The Dyatlov Pass Incident Review

Film Still
  • The Dyatlov Pass Incident film still


Remember Renny Harlin? Well he's back, and he's made a rather decent found-footage horror.

Renny Harlin’s career has suffered from a creative flatline in recent years. Is there chance of a revival or is it time to pay our last respects and switch off the machine? Once a box-office champ, the director has been plying his trade in the lower leagues in recent times, working on television assignments and movies that often headed straight to DVD. Only the bizarre episode in which he was hired to reshoot Paul Schrader’s Exorcist movie — almost entirely — is of any real interest.

Shall we point the finger at Cutthroat Island? It looks like the main culprit but he followed up that big disappointment with two of his most enjoyably daft flicks: The Long Kiss Goodnight and Deep Blue Sea. And 'flicks' are what Harlin specialises in. Muscular action pictures with a devoted B-movie heart are his forte, but also occasionally his weakness.

The Dyatlov Pass Incident, at first, looks like another Harlin job firmly in the key of D(ud). The premise is told in horror format du jour — found-footage — and appears like a bog-standard version of that. Three American students and two guides venture into the Ural Mountains to solve a decades-old mystery in which nine mountaineers perished in peculiar fashion. Was it aliens, Bigfoot, the KGB?!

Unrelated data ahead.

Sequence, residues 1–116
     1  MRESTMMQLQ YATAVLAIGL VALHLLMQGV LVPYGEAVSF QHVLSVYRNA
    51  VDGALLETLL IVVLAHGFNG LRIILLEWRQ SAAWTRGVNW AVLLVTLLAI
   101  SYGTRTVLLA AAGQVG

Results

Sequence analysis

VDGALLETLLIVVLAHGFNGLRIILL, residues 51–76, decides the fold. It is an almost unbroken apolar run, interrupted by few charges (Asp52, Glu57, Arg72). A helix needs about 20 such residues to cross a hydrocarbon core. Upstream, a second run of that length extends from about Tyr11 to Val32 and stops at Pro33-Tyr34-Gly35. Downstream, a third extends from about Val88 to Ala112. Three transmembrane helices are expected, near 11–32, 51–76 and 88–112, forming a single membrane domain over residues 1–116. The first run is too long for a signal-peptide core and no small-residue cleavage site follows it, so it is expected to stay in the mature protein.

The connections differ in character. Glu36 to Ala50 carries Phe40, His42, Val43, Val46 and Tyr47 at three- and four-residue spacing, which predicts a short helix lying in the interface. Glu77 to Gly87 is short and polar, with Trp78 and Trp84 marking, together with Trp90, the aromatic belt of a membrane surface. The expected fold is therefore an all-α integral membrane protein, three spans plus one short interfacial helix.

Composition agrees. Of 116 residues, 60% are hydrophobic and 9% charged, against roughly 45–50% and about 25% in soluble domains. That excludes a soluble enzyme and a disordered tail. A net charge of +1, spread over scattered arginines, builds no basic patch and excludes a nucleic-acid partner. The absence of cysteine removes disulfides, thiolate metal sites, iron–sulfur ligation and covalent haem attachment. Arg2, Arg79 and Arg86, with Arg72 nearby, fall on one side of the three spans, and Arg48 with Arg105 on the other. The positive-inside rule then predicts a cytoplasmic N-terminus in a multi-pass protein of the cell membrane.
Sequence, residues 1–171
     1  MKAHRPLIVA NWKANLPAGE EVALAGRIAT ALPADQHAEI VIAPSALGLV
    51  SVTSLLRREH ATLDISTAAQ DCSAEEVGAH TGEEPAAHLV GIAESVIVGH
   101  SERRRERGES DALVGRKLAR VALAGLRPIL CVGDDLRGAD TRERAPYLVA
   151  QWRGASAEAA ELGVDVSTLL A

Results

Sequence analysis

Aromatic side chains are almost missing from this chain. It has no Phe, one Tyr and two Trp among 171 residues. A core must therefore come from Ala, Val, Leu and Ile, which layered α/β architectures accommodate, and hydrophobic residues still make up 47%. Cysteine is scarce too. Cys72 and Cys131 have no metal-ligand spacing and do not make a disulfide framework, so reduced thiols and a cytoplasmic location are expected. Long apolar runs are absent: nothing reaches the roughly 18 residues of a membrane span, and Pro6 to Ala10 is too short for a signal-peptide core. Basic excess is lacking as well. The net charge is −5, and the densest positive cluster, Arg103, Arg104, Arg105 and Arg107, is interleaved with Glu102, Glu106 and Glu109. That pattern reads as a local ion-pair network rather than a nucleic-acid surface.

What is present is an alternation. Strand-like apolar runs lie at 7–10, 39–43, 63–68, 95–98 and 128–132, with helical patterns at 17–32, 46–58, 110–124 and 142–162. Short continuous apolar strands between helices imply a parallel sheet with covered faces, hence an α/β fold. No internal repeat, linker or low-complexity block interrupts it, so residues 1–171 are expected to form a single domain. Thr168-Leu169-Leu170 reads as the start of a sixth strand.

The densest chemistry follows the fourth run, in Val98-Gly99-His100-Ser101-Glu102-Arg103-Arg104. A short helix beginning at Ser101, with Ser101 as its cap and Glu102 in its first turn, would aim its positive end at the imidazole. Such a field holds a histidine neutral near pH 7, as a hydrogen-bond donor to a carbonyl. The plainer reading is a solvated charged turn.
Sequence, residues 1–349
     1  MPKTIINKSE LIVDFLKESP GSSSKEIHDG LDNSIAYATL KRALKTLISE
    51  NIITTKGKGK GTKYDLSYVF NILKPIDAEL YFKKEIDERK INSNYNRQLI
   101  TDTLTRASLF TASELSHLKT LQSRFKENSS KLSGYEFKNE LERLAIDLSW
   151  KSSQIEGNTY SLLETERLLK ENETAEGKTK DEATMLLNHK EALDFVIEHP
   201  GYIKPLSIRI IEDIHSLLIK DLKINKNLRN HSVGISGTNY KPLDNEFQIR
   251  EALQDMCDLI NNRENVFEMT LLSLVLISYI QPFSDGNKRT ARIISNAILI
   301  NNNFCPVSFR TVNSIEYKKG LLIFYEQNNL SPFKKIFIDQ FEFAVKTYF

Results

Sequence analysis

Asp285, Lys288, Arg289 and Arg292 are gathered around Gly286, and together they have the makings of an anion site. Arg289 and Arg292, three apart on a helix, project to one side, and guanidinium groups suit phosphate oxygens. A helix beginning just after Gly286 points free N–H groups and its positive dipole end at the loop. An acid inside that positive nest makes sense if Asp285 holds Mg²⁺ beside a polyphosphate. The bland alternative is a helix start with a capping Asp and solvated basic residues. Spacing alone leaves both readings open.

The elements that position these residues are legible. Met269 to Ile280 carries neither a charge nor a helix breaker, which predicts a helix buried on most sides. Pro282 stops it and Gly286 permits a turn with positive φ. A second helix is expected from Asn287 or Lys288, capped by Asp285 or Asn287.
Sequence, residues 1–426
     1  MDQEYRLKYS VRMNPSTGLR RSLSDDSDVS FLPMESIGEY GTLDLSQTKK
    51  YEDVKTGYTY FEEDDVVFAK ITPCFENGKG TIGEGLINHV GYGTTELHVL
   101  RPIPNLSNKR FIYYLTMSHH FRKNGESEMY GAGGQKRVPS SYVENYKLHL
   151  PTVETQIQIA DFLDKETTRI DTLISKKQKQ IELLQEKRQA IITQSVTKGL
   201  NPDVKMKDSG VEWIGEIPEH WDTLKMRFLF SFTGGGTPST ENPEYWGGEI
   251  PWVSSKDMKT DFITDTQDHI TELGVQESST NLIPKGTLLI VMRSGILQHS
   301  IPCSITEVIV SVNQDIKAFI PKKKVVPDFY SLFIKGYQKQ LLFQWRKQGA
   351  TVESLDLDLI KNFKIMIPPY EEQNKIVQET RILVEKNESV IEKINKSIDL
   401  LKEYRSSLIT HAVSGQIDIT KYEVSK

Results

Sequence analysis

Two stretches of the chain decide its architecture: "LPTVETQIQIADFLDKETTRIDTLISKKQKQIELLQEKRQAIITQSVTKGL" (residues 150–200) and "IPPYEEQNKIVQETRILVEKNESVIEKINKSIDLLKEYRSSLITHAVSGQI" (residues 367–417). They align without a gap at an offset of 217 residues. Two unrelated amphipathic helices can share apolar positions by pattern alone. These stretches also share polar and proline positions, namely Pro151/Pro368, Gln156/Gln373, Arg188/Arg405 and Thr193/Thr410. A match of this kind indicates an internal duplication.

The awe-inspiring mountain vistas serve to ratchet up the claustrophobic intensity against the characters' blithe, even foolish, attitudes. A gripping where-exactly-is-this-going plot operates very much in the manner of a matryoshka doll. Moments mutate from the larky and spirited into the panicked and nightmarish. It’s a finely tuned horror movie that seizes on the opportunity to push on into the realms of science-fiction. This is not crummy found-footage on a low budget, like so many titles out there.

Among the mostly British cast (playing Americans) former Hollyoaks actress Gemma Atkinson is the most recognisable. But don’t let that put you off. While it’s a stretch to claim this is Harlin going back to basics — he’s far too invested in glossy film-making for such a minimalist label — The Dyatlov Pass Incident does showcase his strongest attributes as an entertainer and storyteller, as limited as they might be.

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